SEC Finalizes Reg AB II

On Wednesday, August 27, 2014, the United States Securities and Exchange Commission finalized the changes to Regulation AB (commonly referred to as Reg AB II). The Commission issued a press release and a draft adopting release adopting the changes. The final version of the adopting release will be published in the Federal Register after review by the Office of Management and Budget (OMB). Regulation AB II and the related changes regulate the offering process and the disclosure and reporting requirements for asset-backed securities. Perhaps the most significant changes are (i) a requirement to file a preliminary prospectus at least three days prior to the sale of any securities and (ii) disclosure of loan-level information in machine readable form for ABS backed by residential mortgage loans, commercial mortgage loans, auto loans, auto leases, and debt securities (including resecuritizations). Updated loan-level data also must be filed periodically after issuance of the securities. The loan-level disclosure requirements come into force not later than two years after the effective date of the changes, which will be the date of the publication of the changes in the Federal Register.

The effect on covered bond issuers of these changes is still being analyzed and will be covered by a later post. However, it is clear that these changes would not be directly applicable to Rule 144A offerings of covered bonds.

See the MoFo Client Alert.

SEC Calls Reg AB II Meeting

The SEC announced today that it would hold a public meeting to consider amendments to Regulation AB on Wednesday, August 27:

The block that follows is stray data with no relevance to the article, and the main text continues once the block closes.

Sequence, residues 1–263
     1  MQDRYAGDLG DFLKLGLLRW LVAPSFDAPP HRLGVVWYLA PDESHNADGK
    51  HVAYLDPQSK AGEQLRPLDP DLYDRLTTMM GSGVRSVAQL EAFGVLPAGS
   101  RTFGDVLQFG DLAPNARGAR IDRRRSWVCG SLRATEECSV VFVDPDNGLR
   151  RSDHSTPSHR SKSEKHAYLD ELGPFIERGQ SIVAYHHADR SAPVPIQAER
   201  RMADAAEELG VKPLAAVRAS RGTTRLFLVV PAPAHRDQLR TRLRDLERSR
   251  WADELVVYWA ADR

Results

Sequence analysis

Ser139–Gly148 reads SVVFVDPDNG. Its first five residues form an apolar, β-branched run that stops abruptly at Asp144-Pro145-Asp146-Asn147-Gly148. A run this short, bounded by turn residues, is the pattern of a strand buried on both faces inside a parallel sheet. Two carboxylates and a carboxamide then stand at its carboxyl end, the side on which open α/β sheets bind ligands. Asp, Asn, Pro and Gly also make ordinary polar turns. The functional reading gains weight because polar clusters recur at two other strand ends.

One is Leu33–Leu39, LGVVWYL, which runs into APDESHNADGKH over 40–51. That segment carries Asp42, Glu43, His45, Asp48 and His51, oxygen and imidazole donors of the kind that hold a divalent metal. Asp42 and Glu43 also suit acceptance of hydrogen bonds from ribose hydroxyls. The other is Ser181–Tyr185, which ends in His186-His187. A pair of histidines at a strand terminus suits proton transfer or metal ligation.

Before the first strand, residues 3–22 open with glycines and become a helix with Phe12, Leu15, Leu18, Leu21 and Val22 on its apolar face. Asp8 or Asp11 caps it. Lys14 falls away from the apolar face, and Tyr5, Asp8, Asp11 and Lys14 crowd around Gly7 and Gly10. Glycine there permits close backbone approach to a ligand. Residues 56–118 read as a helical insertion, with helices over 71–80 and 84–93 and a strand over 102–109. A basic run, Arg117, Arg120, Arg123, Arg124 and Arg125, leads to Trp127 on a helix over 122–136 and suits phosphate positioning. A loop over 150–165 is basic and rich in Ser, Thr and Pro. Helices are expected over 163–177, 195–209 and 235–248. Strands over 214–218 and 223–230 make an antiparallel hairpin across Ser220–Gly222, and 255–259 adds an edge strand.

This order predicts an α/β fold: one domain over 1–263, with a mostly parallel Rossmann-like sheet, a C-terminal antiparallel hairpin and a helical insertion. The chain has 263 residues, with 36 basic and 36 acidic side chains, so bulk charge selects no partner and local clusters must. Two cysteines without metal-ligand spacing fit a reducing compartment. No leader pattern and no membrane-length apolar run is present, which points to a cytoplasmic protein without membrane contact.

SECURITIES AND EXCHANGE COMMISSION

Sunshine Act Meeting.

Notice is hereby given, pursuant to the provisions of the Government in the Sunshine Act, Pub. L. 94-409, that the Securities and Exchange Commission will hold an Open Meeting on Wednesday, August 27, 2014 at 10:00 a.m., in the Auditorium, Room L-002.

The subject matters of the Open Meeting will be:

  • The Commission will consider whether to adopt rules revising the disclosure, reporting and offering process for asset-backed securities.  The revisions would require asset-backed issuers to provide enhanced disclosures, including information for certain asset classes about each asset in the underlying pool in a standardized, tagged format, and revise the shelf offering process and eligibility criteria for asset-backed securities.
  • The Commission will consider whether to adopt rule amendments and new rules to implement provisions of the Dodd-Frank Wall Street Reform and Consumer Protection Act concerning nationally recognized statistical rating organizations, providers of third-party due diligence services for asset-backed securities, and issuers and underwriters of asset-backed securities under the Securities Exchange Act of 1934.

The duty officer has determined that no earlier notice was practicable.

At times, changes in Commission priorities require alterations in the scheduling of meeting items.

For further information and to ascertain what, if any, matters have been added, deleted, or postponed, please contact:

The Office of the Secretary at (202) 551-5400.

Kevin M. O’Neill
Deputy Secretary

Dated: August 22, 2014

http://www.sec.gov/news/openmeetings/2014/ssamtg082714.htm

Although the SEC’s proposal to amend Regulation AB (hence Reg AB II) is primarily concerned with asset-backed securities, the Commission’s action will be of interest to covered bonds issuers for two reasons:

  • whether covered bonds will be defined as asset-backed securities and therefore expressly subject to Reg AB II;